Monday, April 12, 2010

Time Machine #2 – February 1970

4-12-10 Time Machine #2 – February 1970

Thankfully, Strange Days magazine in Japan has kept up with it’s “Time Machine” series, which I find quite interesting. This month, I own all of them!

Strange Days 2010.04 lists “February 1970 Albums” as The Move “Shazam” (Regal Zonophone UK LP SLRZ 1012); Ginger Baker’s Air Force “self-titled” (Polydor UK 2LP 2662 001); Gong “Magick Brother” (Byg FR LP 529 029); Van Der Graaf Generator “The Least We Can Do Is Wave To Each Other” (Charisma UK LP CAS 1007); Rod Stewart “An Old Raincoat Will never let You Down” (Vertigo UK LP VO 4); Black Sabbath “self-titled” Vertigo UK LP VO 6); Cressida “self-titled” Vertigo VO 6); Frank Zappa / The Mothers Of Invention “Burnt Weeny Sandwich” (Reprise / Bizarre US RS 6370); and John & Beverly Martyn “Stormbringer” (Island UK LP ILPS 9113).

At the time, I was probably most aware of Ginger Baker’s Air Force. I had been a huge Cream fan, and I dutifully obtained Blind Faith’s only LP. I didn’t know the jazz guys on Air Force, but it sounded good to me. I loved the cover art, too. I had seen “Shazam” by The Move, and I liked that cover art as well – but I waited and got “Looking On” when it first hit the streets not long after this.

I didn’t start on Van Der Graaf Generator right away; I found a US copy of “Least We Can Do…” and several US copies of “Aerosol Grey Machine” first. I really got going with them by the time of “H To He” and they were one of my favorite UK bands by the time of “Pawn Hearts”.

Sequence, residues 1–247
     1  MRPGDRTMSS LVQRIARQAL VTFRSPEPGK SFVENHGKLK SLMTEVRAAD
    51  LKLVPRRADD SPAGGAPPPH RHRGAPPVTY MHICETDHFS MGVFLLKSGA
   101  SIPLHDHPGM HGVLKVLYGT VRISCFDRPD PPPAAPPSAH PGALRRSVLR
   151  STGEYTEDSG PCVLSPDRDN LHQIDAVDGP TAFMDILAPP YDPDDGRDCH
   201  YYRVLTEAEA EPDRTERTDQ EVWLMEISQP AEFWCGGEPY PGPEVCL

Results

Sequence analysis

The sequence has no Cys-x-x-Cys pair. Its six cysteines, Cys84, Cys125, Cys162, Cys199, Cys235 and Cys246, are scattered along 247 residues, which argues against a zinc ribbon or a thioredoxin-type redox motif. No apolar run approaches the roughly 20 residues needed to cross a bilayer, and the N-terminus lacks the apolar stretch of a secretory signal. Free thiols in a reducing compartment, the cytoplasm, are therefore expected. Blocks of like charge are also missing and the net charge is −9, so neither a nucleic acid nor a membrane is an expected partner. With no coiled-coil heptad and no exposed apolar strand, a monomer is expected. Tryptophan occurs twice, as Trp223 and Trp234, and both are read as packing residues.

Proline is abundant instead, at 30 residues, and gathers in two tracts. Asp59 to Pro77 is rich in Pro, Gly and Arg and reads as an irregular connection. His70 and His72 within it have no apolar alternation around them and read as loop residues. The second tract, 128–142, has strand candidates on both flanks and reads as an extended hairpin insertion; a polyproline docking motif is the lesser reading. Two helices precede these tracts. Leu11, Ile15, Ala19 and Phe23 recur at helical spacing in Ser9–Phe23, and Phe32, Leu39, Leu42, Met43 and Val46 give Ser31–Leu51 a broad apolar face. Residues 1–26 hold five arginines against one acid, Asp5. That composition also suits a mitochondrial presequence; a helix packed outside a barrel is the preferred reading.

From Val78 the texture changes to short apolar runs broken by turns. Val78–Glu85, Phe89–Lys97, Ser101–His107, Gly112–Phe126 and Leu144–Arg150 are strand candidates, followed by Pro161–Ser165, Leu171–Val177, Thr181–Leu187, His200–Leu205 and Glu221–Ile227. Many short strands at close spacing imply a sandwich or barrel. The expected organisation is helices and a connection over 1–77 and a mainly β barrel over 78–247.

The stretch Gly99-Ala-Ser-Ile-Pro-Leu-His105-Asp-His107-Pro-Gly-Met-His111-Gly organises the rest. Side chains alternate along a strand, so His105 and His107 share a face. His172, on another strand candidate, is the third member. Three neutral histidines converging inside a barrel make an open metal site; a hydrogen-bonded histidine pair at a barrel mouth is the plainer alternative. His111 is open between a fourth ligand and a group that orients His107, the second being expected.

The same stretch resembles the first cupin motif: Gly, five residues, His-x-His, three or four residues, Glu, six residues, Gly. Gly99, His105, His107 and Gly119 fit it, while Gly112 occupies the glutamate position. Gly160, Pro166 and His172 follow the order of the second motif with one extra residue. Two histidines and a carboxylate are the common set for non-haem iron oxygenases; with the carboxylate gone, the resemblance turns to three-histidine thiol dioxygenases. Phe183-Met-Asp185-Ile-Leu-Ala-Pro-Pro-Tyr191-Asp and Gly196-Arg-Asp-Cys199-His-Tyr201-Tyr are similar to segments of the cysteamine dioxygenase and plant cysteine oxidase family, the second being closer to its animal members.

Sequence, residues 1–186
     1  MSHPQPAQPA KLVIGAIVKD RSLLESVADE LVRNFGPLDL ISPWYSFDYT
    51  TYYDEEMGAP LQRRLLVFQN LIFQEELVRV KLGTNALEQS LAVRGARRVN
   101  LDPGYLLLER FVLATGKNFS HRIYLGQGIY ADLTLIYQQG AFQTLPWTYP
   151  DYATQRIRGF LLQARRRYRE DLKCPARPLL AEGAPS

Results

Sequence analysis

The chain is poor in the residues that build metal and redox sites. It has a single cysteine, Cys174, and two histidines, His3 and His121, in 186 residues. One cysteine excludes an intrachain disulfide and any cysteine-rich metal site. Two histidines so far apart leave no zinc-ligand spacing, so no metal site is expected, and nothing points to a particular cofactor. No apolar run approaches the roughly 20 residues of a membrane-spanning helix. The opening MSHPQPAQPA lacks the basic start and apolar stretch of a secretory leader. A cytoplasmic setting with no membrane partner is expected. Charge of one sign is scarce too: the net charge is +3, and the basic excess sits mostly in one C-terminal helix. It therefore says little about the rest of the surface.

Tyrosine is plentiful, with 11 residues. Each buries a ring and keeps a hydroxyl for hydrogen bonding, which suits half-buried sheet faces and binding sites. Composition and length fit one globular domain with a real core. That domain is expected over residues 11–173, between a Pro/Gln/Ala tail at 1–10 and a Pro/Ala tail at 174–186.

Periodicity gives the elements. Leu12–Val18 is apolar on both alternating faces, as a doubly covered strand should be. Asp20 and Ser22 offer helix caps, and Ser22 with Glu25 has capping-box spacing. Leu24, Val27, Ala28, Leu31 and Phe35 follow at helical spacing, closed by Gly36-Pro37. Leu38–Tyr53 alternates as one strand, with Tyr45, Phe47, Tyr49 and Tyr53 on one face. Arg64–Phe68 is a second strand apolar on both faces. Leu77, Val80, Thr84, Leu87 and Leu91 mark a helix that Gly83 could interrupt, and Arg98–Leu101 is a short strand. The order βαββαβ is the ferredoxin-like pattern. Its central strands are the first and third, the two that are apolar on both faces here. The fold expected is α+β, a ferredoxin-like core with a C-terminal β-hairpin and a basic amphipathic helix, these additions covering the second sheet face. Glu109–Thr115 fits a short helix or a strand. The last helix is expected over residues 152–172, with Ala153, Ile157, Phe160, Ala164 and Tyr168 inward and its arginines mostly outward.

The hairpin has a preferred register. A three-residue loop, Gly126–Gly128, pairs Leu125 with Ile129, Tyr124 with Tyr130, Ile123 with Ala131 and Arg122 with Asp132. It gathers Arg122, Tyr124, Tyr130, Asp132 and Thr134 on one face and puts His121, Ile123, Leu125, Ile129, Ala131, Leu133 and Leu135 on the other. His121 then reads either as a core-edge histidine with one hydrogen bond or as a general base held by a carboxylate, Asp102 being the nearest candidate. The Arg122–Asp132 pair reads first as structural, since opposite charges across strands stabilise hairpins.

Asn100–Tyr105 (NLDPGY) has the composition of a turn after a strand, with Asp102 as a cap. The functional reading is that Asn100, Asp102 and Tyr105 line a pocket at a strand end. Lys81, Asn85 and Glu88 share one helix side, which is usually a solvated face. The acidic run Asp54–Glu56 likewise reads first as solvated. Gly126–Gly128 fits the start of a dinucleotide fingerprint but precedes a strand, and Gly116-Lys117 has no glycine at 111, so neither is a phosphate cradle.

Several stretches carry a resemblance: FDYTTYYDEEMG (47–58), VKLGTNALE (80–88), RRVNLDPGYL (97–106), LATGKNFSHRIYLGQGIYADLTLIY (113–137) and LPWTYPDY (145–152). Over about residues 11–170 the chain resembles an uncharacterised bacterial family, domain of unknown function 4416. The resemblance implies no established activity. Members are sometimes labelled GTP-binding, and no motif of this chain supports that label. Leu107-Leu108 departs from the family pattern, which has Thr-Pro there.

Rod Stewart, Black Sabbath and Cressida – three fine Vertigo label acts. I definitely saw all of these LP’s at the time. First one I actually heard was Black Sabbath, when “Paranoid” came out. The Vertigo fever didn’t set in for a year or two – when I would go back and try and figure out which ones I had missed – that’s when I heard Cressida – and I like this one better than their 2nd album! I knew Rod Stewart from Jeff Beck albums, and from Faces records. Like most of North America, I eventually got into Rod’s solo works with “Every Picture Tells A Story”.

I certainly didn’t hear Gong in 1970. It took a few years for all the defective Byg LP pressings to turn up in bargain bins in Los Angeles. But when they did, I was all over it! I think I got “Magick Brother”, “Banana Moon” and “Camembert Electrique” all the same month! And it took a while to get ones that weren’t warped / out-of-round etc.

I had been following Frank Zappa for years by this point, so “Burnt Weeny Sandwich” was a natural for me – I felt sad when the poster included basically said that the band was no more. But I didn’t give up on Zappa…

I really had no idea who John Martyn was, apart from being a guy who had albums on Island UK. “Stormbringer” got a US issue on Warner Brothers, and a “promo copy” of “Stormbringer” was found for a reasonable price (under $1). I also got the next John & Beverly Martyn LP on Warners US, “The Road To Ruin” (again, for less than $1).

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